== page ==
Most of my “ingenious” ideas didn’t survive actual testing and numerous “improvements” to the map were tested and discarded as useless
We experimented with interface animations since day one and the “blossom” transition you see while browsing the map turned out to be the best way to create a visual link between different levels of the folders.
The final animation, suggested by Oleg, was not only more elegant and subtle than other alternatives, but quickly became DaisyDisk’s signature.
We loved the app and spent countless nights polishing little details and making it better with each iteration. However, people around did not share our optimism about the project’s future.
I presented the early version of DaisyDisk to my friends and colleagues and most of them assured me it looks nice, but doesn’t solve any real problems to make a purchase… so screw it!
The year was 2009. I quit my interaction design job and concentrated on making DaisyDisk the dream product I always wanted to create.
Working as part of a small indie team really affects the way you look at things. There’s no one else to blame for your failures, but no one can take away your victory as well. The sky is the limit and each and every decision costs you money. Your own money.
DaisyDisk version 1 didn’t have any significant commercial success and I had to rely on freelance projects to make a living.
Leaving a well-paid job for a project that doesn’t earn you enough to buy food sounds like a stupid idea, but it didn’t stop us 10 years ago.
We stayed hungry and foolish…
Press and bloggers preferred to ignore a young no-name team’s product and mentions on Apple.com looked cool without leading to actual sales.
Things changed in 2011 when DaisyDisk 2 debuted in the Mac App Store and quickly became one of its bestsellers. Even though the majority of indie Mac developers were very sceptical about the new App Store and its steep commission, it worked great for us, quickly generating the majority of the revenue.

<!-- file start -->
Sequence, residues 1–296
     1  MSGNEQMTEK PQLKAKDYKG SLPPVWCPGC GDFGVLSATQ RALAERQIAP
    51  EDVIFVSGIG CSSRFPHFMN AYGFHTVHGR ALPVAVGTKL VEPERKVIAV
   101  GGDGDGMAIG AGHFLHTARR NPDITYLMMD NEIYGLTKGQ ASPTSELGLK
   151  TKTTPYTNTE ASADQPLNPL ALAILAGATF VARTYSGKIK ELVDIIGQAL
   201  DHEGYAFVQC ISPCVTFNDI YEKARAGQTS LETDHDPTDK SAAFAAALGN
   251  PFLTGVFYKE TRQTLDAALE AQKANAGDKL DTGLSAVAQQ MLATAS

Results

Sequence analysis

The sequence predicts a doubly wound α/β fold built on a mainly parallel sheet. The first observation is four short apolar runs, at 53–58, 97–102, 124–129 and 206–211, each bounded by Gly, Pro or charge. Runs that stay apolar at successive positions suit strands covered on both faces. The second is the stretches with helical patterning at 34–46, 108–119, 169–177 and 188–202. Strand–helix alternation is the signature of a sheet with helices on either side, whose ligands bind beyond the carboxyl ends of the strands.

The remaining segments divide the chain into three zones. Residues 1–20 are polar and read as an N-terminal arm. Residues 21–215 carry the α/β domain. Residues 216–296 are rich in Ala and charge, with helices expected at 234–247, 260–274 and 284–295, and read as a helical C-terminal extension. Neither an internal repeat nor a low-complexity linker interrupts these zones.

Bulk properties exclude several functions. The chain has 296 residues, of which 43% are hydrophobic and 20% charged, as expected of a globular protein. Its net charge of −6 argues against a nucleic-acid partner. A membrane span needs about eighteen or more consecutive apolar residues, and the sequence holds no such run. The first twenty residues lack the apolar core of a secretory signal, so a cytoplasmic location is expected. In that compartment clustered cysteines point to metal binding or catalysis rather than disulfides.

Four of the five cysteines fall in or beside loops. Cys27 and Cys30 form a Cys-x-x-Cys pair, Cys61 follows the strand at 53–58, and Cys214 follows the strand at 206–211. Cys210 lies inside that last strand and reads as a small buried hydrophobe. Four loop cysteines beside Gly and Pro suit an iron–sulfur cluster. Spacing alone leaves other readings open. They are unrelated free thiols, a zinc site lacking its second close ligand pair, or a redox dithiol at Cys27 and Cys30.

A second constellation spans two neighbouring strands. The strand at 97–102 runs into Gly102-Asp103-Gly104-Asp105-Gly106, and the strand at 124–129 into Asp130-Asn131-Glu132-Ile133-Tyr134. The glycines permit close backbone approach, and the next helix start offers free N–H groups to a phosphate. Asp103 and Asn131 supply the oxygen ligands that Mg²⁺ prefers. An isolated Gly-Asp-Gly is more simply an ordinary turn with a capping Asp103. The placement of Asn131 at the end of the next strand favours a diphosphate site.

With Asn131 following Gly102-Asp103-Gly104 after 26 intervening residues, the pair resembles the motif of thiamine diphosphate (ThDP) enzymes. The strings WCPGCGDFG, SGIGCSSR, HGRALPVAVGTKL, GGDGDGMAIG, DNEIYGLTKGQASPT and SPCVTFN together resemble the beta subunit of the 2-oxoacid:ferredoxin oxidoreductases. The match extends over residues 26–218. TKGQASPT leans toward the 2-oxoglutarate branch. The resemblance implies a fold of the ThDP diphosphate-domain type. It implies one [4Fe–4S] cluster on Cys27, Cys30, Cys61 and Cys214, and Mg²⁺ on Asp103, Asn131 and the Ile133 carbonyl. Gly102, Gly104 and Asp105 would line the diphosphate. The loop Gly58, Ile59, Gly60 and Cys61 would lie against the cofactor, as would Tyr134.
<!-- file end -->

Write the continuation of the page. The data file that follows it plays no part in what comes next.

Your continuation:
Maintaining two versions of the product led to some technical difficulties, but we decided to let our customers migrate from the Mac App Store to a standalone version free of charge.
A customer is (almost) always right.
Being a customer-focused company could be a hard choice, especially if you’re a small team and see how money is made in software: you make crap, invest in marketing, silence negative reviewers, pay to get press praises and keep the costs low.
But it was our company and we wanted to provide the best experience possible.
A few examples:
DaisyDisk had a demo version that never expired.
You could use the app as long as you wish if you don’t mind a couple or “Nag” screens or need an in-app file deletion (you can delete the files from Finder). Even if you cannot afford the app, you may still legally use it free of charge. And there have been countless legal ways of getting the app with a significant discount or without paying a dime.
No “one single copy per Mac”, no “call to activate”, no thousands of “you can’t do this”, no bullshit. You paid us money — you use the app on all the Macs you own. Just don’t be a jerk.
We offered free technical support to both customers and users. Me and Oleg have personally replied the emails for many years and you could always get a response from the app’s actual developers, no matter if you made a purchase or not.
It’s not some freaky registration-requiring/robot-checking form hidden in the depths of the site: there’s a simple in-app feedback component and the whole team’s Skype IDs are available on the product’s page.
Remember, that we’re talking about a $10 utility. Nowadays you are unlikely to get a reply when purchasing a $100 product :(
The company had a very forgiving anti-piracy policy. DaisyDisk continued to work even after finding compromised keys and we never put “protection” above customer experience.
We created an account on one of the popular warez resources and started honest discussion about app piracy, its effects on developers and the product itself. So, instead of wasting money on “piracy prevention” or playing cat and mouse games with software crackers we developed good relations with the community and some of these folks became our customers and supporters.
Upgrade and store migration policy is more than fair: you’re not “punished” for late upgrades and we never forced anyone to update their version of the app.
There’s more: you could have purchased DaisyDisk 3 for your brand new MacBook Pro and receive a free, complementary license for DaisyDisk 1 to run on your PPC Mac Mini.
Planned hardware obsolesce sucks, but planned software obsolesce has no excuses. Running any Mac with OS X 10.5+? We got you covered.
As a result, we didn’t have to spend money or marketing or “sponsor” positive press reviews. We surely earned less than we could have by doing “normal” business, but we got enough for a decent living and didn’t have to wait for the nearest food shop discounts in order to have two meals a day.
The eye (in the sky)
The famous “eye” icon was designed by my colleague, Ekaterina Prokofieva back in 2008.